Remote British island of St Helena waits for its first airport to end isolation

If you want to experience the splendour of St Helena - the island where the great French emperor Napoleon Bonaparte spent his last days - you must have at least one month's free time and a lot of patience to wait for the only boat that sails to this place.

Last Updated: Aug 24, 2015, 16:16 PM IST
Remote British island of St Helena waits for its first airport to end isolation

London: If you want to experience the splendour of St Helena - the island where the great French emperor Napoleon Bonaparte spent his last days - you must have at least one month's free time and a lot of patience to wait for the only boat that sails to this place.

With no air connectivity, there is only one way to reach the tiny island situated in the middle of the South Atlantic – RMS St. Helena – the ship that sets out on a five and half day trip, every three weeks from Cape Town.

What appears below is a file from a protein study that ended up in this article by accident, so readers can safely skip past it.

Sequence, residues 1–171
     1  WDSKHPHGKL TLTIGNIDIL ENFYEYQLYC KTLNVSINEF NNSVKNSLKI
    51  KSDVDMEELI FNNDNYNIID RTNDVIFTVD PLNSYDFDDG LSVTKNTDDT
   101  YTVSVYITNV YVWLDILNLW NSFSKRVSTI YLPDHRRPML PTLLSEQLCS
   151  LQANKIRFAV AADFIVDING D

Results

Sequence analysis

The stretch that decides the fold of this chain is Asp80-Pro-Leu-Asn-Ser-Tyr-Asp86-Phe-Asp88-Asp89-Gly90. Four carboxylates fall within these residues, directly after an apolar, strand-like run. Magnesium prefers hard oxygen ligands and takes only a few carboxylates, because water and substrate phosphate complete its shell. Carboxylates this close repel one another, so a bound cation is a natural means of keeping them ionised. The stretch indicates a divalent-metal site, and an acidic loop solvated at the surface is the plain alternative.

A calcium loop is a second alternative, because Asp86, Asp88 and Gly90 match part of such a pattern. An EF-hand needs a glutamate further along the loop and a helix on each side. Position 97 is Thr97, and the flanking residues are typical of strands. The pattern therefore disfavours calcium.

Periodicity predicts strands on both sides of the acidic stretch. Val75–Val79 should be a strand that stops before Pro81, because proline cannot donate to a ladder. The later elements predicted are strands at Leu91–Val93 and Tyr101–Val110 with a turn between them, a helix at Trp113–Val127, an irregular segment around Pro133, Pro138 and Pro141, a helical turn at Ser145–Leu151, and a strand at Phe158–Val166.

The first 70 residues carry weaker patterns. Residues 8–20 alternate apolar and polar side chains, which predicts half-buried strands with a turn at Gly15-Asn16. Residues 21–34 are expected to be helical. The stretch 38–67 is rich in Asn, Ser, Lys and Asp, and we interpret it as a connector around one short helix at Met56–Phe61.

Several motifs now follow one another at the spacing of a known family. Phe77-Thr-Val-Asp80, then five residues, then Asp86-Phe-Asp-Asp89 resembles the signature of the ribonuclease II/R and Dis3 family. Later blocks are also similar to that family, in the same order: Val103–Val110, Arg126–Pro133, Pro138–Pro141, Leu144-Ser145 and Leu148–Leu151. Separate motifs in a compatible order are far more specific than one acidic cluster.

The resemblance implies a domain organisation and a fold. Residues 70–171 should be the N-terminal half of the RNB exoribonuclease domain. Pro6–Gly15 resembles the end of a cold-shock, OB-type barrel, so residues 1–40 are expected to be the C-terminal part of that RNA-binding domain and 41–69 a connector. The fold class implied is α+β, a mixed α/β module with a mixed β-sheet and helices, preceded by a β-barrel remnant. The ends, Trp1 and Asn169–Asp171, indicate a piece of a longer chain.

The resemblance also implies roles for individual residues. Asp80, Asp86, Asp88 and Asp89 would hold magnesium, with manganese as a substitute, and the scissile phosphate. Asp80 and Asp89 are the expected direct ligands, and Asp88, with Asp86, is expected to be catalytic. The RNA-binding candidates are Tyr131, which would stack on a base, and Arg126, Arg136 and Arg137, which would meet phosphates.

And hence, very few visitors (only 1500) manage to tour this island of 4500 inhabitants.

However, the remote island is set for a paradigm change as it awaits for its first ever airport that is due to open in 2016.

According to a CNN report, some airlines have already begun to make plans to end St Helena's isolation as Comair, a South African airline and British Airways franchisee, has already been selected to operate a weekly flight between the island and Johannesburg.

Also, Atlantic Star Airlines, a start-up founded by former British Airways pilots, is readying its project to link St. Helena to the UK by air, reports the CNN.

The weekly 4.5-hour passenger flights which are scheduled to start from Johannesburg in February 2016, is going to bring a sea change to the island with the number of tourists multiplying 20 times.

As per reports, some 30, 000 tourists will be visiting the island every year once flights to St Helena begin.

Officials believe, this will be a boon to the island's economy which has to count on Britain for most of its income.